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The Yankees announced Tuesday that they are not going to offer arbitration to any of the potential free agents they have, meaning the players are free to sign with any club they want to and that club does not have to worry about giving the Yankees draft picks in return.

For the Yankees, it means that they can set and offer the contract prices they want to for those players and don’t have to rely on what an arbitrator might decide on.  It appears the Yankees feel that this off-season’s free agent market will be the same as last year’s.

Last year, the free agent market did not pay well outside of high-caliber players such as CC Sabathia, Mark Teixeira, AJ Burnett, Derek Lowe and a few others.  Instead, consistently good players were forced to sign for much lower than in previous years.  For example, Bobby Abreu had to sign with the LA Angels for $5 Million, after a 3 year contract with the Phillies and Yankees that saw him earn $16 Million in his final year of his previous contract.

The Yankees have one Type-A free agent in Johnny Damon.  Had the Yankees offered him arbitration and he signed with another team, they would have received a first or second round draft pick as compensation – but they also would hypothetically have to pay him higher then they might be planning to.

Xavier Nady, Jerry Hairston Jr, Erik Hinske, Andy Pettitte, Jose Molina and Hideki Matsui are all Type-B free agents, meaning the Yankees would have received supplemental round picks for each.

I do think the Yankees have made a smart decision here.  Nostalgia and team pride makes you want the Yankee Brass to keep everyone together, but we all know this is a business and all 7 of those free agents are replaceable.  If it was Derek Jeter in this situation, I’d go nuts about it.  However, when the dust settles, I would like to see at least Matsui and Damon still on the team, at least for the next 1-2 seasons.  I’d offer them both a 1 year contract with a team option for a second year that could become guaranteed based on plate appearances or some other performance measure.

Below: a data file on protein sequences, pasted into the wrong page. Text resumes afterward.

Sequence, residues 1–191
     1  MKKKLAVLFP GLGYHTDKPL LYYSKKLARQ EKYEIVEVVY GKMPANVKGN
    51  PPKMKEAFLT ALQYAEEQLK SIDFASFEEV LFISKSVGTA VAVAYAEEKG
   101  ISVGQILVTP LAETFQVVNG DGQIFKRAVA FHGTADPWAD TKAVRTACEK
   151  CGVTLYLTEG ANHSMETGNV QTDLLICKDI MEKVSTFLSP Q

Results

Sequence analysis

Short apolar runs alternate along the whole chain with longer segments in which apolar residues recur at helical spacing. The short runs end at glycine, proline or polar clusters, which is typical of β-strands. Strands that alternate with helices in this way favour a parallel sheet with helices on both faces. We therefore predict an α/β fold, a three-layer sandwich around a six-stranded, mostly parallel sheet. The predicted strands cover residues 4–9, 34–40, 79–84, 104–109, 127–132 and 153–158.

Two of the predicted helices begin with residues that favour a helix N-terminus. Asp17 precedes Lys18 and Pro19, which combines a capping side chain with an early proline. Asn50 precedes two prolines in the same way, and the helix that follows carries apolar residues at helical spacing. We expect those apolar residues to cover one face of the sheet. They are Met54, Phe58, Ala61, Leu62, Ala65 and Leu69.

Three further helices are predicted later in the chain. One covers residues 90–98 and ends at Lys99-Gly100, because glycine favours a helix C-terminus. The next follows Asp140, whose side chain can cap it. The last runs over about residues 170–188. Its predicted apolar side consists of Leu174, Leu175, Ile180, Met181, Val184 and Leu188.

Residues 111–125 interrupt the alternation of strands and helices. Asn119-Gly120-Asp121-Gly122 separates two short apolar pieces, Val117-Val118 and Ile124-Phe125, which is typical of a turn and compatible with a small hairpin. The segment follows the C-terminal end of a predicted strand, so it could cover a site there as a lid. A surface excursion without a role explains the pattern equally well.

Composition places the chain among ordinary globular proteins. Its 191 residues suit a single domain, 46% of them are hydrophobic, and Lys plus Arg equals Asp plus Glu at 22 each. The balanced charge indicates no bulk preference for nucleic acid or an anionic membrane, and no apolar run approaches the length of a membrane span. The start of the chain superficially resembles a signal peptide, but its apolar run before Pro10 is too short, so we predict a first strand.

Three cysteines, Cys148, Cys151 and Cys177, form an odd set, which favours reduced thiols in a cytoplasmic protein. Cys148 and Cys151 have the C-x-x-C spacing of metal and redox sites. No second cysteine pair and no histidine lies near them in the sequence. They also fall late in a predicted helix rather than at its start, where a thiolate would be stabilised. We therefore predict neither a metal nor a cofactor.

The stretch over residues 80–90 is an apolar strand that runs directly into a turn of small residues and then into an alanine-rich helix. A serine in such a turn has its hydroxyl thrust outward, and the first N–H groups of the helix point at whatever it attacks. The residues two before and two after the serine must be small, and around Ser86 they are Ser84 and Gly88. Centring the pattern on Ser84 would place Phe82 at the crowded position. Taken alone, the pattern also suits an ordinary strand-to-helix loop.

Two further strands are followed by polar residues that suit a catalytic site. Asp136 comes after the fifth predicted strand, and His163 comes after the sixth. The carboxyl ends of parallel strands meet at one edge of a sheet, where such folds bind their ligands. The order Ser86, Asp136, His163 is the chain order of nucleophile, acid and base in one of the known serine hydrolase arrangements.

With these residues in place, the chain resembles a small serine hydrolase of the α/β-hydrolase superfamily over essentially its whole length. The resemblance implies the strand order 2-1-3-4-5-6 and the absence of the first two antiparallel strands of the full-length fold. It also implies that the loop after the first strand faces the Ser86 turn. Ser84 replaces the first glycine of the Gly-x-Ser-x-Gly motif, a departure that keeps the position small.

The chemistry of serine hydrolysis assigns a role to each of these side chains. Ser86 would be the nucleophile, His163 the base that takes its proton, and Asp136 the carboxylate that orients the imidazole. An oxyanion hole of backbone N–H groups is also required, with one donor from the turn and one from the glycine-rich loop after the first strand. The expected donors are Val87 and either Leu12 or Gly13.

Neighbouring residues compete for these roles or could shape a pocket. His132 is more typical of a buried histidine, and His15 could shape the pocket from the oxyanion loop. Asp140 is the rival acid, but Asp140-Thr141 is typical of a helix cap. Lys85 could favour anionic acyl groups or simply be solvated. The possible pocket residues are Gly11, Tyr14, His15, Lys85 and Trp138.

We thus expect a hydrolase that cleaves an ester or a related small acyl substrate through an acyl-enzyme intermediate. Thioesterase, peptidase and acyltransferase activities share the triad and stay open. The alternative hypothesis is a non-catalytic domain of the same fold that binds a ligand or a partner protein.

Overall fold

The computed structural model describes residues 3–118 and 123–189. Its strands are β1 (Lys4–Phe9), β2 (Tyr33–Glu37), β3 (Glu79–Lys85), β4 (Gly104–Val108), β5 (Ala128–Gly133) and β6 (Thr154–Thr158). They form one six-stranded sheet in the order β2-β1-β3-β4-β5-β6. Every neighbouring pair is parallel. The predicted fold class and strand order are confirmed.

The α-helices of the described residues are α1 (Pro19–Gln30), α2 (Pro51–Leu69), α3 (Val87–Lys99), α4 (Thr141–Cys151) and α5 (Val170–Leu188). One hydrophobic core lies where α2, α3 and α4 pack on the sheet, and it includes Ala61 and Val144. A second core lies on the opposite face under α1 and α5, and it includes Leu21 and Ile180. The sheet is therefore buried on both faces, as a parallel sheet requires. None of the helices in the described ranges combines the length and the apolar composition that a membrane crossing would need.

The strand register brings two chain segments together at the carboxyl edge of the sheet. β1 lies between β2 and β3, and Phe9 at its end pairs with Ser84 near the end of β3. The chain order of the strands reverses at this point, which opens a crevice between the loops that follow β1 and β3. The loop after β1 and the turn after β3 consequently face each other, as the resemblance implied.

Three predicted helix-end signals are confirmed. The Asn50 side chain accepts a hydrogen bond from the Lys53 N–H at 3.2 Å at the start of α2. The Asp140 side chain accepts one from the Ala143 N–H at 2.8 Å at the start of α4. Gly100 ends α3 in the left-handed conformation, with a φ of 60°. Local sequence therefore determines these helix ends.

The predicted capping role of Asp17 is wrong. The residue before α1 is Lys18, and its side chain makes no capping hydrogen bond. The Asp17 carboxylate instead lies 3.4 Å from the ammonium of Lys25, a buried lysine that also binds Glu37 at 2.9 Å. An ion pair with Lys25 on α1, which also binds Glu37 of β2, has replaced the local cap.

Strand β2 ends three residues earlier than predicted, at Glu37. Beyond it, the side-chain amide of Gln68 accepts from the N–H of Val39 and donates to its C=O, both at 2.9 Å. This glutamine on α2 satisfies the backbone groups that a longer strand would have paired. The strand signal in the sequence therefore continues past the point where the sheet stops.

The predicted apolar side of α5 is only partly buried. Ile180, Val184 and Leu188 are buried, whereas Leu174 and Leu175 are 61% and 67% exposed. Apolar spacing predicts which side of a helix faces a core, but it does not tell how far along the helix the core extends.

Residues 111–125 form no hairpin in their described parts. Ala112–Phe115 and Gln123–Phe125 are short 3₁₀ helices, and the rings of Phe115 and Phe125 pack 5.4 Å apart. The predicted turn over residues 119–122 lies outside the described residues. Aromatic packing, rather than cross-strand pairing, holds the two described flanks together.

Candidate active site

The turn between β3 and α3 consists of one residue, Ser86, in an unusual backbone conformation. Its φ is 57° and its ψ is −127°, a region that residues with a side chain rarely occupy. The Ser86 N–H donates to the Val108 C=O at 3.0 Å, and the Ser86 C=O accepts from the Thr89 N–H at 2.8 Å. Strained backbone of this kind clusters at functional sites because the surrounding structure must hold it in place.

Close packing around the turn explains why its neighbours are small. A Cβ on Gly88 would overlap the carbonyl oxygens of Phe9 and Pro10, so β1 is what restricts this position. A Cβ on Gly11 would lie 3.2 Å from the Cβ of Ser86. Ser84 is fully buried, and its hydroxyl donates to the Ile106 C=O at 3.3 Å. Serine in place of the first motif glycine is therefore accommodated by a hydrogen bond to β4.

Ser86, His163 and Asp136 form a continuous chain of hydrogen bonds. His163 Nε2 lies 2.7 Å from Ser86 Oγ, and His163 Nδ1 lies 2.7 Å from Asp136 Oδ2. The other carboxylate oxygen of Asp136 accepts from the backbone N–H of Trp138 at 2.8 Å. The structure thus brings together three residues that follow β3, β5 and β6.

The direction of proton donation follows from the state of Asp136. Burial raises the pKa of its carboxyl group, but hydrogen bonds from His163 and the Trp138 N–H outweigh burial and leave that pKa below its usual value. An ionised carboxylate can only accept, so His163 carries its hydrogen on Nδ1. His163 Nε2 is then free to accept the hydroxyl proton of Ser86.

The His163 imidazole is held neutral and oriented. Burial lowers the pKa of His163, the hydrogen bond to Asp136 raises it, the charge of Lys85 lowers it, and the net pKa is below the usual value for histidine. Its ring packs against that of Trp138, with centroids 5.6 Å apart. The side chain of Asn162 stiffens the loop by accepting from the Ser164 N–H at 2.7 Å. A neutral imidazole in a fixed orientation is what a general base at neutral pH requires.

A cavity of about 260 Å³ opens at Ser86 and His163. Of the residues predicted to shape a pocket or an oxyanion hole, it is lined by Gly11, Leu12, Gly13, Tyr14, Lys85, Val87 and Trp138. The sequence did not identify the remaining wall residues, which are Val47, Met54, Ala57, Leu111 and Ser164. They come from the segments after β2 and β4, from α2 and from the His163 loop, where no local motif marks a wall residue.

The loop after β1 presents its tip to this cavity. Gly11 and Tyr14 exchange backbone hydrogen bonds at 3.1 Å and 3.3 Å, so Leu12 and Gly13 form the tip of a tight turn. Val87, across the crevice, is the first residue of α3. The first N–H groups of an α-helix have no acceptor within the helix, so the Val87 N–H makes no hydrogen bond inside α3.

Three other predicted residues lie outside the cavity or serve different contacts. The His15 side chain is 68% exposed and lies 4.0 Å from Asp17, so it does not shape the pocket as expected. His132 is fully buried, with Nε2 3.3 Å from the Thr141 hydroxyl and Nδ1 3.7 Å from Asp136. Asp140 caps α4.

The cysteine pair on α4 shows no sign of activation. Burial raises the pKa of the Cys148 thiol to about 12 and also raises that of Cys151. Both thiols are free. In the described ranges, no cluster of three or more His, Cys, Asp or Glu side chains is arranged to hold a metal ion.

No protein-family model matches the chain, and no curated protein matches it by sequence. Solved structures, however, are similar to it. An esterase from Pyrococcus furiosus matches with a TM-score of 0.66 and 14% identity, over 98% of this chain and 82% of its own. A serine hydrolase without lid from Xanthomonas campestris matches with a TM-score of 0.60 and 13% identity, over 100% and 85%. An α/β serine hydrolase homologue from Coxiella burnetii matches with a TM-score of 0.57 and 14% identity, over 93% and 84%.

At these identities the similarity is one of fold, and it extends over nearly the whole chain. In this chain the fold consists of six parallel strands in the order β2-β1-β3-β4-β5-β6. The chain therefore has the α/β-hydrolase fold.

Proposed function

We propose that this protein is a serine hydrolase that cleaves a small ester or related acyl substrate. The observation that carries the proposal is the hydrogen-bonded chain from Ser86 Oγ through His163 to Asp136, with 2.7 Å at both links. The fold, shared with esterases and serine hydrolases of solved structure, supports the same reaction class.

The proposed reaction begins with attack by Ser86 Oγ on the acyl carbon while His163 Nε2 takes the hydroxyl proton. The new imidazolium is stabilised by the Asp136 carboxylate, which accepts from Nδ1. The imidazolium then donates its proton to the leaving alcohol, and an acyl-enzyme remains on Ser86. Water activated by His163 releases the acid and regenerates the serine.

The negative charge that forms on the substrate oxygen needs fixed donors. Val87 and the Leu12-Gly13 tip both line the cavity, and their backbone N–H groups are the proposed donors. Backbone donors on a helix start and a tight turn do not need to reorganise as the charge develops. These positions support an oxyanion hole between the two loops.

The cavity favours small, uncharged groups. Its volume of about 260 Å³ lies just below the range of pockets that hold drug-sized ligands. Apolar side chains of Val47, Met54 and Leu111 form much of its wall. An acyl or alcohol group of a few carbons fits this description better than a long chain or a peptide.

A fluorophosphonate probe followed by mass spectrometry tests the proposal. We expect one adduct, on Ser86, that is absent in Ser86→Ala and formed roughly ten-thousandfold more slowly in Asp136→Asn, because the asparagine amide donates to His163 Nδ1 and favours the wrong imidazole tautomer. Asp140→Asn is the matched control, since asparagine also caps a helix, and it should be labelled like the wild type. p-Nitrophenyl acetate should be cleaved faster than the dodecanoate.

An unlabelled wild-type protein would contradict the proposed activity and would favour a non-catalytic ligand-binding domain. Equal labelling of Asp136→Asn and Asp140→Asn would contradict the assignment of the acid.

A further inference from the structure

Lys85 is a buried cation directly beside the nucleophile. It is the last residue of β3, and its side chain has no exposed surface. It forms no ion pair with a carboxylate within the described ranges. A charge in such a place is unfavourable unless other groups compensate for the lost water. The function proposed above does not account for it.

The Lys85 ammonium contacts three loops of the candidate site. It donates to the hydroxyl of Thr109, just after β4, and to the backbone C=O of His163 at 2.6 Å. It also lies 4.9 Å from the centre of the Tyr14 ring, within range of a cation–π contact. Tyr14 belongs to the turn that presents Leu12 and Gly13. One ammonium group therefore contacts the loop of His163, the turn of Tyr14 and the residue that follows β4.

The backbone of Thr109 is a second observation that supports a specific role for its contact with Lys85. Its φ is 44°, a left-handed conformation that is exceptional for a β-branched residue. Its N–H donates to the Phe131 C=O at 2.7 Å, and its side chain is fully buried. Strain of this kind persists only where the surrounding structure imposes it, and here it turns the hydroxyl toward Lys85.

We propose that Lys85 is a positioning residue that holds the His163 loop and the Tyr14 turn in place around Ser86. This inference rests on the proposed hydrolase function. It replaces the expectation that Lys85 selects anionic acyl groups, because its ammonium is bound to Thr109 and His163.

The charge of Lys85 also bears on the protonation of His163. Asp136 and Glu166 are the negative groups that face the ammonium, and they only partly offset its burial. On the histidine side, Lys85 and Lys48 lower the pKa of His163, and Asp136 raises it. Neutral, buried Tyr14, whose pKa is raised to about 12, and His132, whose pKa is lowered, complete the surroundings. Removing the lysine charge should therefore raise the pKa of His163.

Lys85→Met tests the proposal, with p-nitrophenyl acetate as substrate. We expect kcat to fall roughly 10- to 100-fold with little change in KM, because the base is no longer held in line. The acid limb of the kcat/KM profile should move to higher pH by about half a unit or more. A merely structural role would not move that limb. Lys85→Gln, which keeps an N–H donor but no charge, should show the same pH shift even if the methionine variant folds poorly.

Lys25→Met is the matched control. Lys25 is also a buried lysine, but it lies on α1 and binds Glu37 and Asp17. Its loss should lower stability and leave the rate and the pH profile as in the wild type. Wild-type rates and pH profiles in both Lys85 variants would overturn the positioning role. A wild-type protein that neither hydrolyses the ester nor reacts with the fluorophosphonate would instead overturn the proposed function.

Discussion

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Running for ten days until January 15, baseball’s arbitration filing period begins. The biggest name in this year’s group is Ryan Howard, who set a record last year with a $10 million arbitration contract. With 48 homers and 146 RBIs last season plus winning the World Series, baseball insiders feel Howard could get close to $15 million, setting another arbitration record.

According to MLB.com, the process of arbitration is:

… the player presents the higher figure and the club the lower figure. A panel of three arbitrators must choose between the two after arguments are presented by both sides at yet-to-be-scheduled hearings from Feb. 1-21. Those players who elect to possibly go to a hearing must swap figures with their clubs on Jan. 21.

Since 1974, only 12 percent of the filings have gone to a full hearing, including eight last year, six of them won by the clubs.

In 2008, of the 110 players who filed, only 48 actually exchanged figures with their respective clubs, and 40 of those were settled without a hearing.

Last year, Chien-Ming Wang went to arbitration against the Yankees, asking for $4.6 million. He lost, earning $4 million instead. This year he signed without a hearing for $5 million.

The Yankees also need to make offers to Melky Cabrera (around $750,000), Xavier Nady (around $6 million) and Brian Bruney ($1.1 million).

The Yankees declined to offer arbitration to all eight players who were eligible; Andy Pettitte, Bobby Abreu, Jason Giambi, Pudge Rodriguez, Sidney Ponson, Carl Pavano, Chad Moeller and Mike Mussina.  Mussina announced his retirement two weeks ago.

In a pre-recorded statement, Brian Cashman did not rule out re-signing Pettite or Abreu.  “The determination that we made today was to make sure we control what amount we’d be spending,” Cashman said Monday. “We did not want to put ourselves in a position of having that determined by a third party without knowing what that figure would be.”

CC Sabathia, Derek Lowe and AJ Burnett were all offered arbitration by their respective teams.

Other notables around the league:

Offered Arbitration: Mark Teixeira and Francisco Rodriguez (LA Angels), Manny Ramirez and Derek Lowe (LA Dodgers), AJ Burnett (Toronto), Oliver Perez (NY Mets), Raul Ibanez (Seattle), CC Sabathia and Ben Sheets (Milwaukee)

Not Offered Arbitration: Greg Maddux and Jeff Kent (LA Dodgers), Pedro Martinez and Moises Alou (NY Mets), Frank Thomas (Oakland)

From Jon Heyman at si.com:

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The Yankees have decided to offer star outfielder Bobby Abreu arbitration, people familiar with their thinking tell SI.com. However, it remains more likely that he will sign elsewhere as a free agent.

The Yankees are in fact very likely making the offer with the anticipation he will sign with another team, and should that occur they will net two draft choices as Abreu is a Type A free agent. Abreu would stand to make about $16 million in arbitration after making that much last year after the Yankees picked up a one-year option to retain him and he hit .296 with 20 home runs, 100 RBIs and 100 runs. That marked the eighth time Abreu scored at least 100 runs and seventh time he drove in at least 100.
Abreu is said to be seeking a three-year deal. The Cubs and Mets are seen as among the most likely suitors for Abreu.
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Sounds like a sensible move to me.  At this point, it appears the Yanks do not seem to be interested in Abreu.  At least this way, they will get some draft choices out of it..

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